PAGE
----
Practice your draw from concealment during force-on-force training. Nothing short of the real deal can show you the true strengths and weaknesses of your carry methods. Nothing. That said, FoF facilities usually offer a limited selection of Simunition or Man Marker equipped firearms and holster styles, which may or may not provide an approximation of your EDC and carry rig. Discuss this with them in advance.

Given the fact that most (but not all) gunfights follow the 3-3-3 template – three yards, three seconds, three shots – practicing your draw from concealment is the most important form of firearms training you can do. The more you do it, the more you can concentrate on tactics and strategy. But that’s a story for another day.

comments

  1. avatar JohnF says:

    I completely and wholeheartedly agree. That, and basic marksmanship, are what I am going to concentrate on for the foreseeable future.

  2. avatar JB says:

    An ankle holster with the muzzle pointing upwards towards your danglies and your organs? Wouldn’t be my preferred method..

  3. avatar Travis says:

    Hey guys,

    I actually just started carrying (22 but I just moved from NY to CT, where a permit isn’t nearly as impossible… but still a bad move, I agree).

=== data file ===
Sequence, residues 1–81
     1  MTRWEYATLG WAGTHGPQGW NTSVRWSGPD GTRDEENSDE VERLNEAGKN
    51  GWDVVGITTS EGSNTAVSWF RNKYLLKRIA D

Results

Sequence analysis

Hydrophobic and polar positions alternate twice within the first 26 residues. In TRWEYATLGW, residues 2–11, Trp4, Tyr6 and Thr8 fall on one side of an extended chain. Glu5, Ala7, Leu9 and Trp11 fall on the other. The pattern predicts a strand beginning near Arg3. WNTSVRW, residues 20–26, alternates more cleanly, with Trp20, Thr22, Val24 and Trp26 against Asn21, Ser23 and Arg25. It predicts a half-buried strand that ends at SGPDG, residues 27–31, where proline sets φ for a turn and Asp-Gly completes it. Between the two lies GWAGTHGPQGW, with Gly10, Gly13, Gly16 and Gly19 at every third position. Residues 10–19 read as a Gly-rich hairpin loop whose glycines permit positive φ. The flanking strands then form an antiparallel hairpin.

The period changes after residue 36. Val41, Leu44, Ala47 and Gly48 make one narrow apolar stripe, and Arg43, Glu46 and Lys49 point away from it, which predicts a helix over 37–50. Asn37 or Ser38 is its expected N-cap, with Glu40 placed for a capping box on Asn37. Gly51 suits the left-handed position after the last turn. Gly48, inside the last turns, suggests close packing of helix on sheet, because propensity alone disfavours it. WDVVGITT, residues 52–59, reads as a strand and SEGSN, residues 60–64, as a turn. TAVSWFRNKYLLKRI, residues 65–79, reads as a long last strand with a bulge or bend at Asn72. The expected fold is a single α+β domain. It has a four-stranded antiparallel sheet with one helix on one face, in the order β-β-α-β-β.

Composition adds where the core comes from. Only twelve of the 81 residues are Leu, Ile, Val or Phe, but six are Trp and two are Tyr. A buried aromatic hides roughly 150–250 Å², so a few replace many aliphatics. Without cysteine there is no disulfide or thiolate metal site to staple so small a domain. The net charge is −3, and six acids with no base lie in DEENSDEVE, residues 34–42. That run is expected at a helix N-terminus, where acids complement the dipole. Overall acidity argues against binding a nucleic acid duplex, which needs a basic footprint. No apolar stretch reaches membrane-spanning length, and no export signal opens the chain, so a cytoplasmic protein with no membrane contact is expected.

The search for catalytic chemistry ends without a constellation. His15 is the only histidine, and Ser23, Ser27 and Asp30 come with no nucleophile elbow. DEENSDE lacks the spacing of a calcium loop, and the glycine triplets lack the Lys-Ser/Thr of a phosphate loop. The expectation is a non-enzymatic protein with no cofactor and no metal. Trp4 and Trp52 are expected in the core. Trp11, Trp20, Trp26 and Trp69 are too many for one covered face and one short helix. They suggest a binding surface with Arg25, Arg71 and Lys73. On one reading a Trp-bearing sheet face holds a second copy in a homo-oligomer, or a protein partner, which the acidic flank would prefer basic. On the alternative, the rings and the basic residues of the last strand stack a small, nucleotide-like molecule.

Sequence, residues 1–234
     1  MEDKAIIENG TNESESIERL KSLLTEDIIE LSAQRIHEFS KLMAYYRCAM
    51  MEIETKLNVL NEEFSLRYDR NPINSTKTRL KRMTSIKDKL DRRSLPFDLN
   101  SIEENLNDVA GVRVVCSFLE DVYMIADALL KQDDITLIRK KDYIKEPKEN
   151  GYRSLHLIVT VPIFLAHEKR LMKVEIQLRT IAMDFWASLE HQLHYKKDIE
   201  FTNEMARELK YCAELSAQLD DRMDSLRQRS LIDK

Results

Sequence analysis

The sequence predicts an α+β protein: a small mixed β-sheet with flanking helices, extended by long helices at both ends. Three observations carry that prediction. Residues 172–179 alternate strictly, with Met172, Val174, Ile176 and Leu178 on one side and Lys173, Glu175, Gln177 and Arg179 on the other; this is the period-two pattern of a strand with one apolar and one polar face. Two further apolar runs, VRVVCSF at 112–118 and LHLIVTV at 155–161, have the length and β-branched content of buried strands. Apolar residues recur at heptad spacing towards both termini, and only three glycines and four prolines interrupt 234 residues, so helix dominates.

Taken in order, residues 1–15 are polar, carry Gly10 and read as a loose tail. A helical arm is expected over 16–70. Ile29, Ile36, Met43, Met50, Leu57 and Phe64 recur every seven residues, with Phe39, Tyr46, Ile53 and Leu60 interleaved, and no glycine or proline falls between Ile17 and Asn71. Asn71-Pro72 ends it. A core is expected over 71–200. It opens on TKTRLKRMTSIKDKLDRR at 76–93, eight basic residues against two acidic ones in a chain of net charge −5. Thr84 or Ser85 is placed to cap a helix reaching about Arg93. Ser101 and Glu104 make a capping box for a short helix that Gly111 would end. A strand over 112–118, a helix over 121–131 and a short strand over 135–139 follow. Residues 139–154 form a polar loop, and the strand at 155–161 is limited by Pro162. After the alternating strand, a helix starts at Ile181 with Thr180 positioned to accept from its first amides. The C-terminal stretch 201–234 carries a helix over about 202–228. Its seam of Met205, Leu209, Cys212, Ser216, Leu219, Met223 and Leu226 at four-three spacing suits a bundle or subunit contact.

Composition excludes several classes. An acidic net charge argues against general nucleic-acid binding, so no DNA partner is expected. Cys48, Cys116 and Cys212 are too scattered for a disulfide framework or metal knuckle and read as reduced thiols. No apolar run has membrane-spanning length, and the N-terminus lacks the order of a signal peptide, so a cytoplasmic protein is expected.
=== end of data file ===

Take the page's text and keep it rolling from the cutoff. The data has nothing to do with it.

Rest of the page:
I have a super newbie problem that maybe someone can help with!

    I have problems drawing from concealment depending on the pair of pants — has anyone else noticed this? I carry a 5″ 1911 in a galco king tuk — with some cant at ~ 8-9 o’clock. When this is done with jeans, I can draw perfectly (as long as the belt is lose enough, which is uncomftorable). In khakis however, I can very rarely draw. I choose not to carry when I’m in khakis because of this.

    Is there any explanation to this? Any correction method? Or am I just SOL? I have backordered a Charter Arms Southpaw so I can have something in the pocket/ankle for when I can’t carry this — until I can sort out the khaki issue.

    Thanks,

    Travis

    P.S. TTAG: I’m getting anti-foley ads on the website. Sure people can support Maloy or Joe, but the ad is complaining that Foley would want to repeal the new gun laws — as a bad thing. Could that ad be removed? No need to give the enemy ammunition.

    1. Travis:

      Please spread the word about Connecticut’s Republican candidate for Attorney General, Kie Wesby. Kie is a Marine Corps veteran and is pro-Second Amendment. He’s committed to repealing SB 1160- Malloy’s draconian anti-gun legislation. Also, let everyone know about the upcoming dinner being sponsored by the Coalition of Connecticut Sportsman dinner on October 19th – Kie will be speaking.

    2. The pants should not make a difference. The belt however might be the problem. Do you wear a different belt with your jeans? As far as having it loose and uncomfortable, it should be fairly snug, not ever loose. Most people have to loosen the belt one notch when carrying IWB but that is just to make room for the gun. It should still be snug.

    3. avatar SigGuy says: